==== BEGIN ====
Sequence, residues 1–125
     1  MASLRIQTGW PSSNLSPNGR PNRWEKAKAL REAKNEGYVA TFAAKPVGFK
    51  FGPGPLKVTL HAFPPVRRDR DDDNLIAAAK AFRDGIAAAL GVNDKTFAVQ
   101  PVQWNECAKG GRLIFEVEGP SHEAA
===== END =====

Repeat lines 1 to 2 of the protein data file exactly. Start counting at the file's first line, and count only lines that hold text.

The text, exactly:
Sequence, residues 1–125
     1  MASLRIQTGW PSSNLSPNGR PNRWEKAKAL REAKNEGYVA TFAAKPVGFK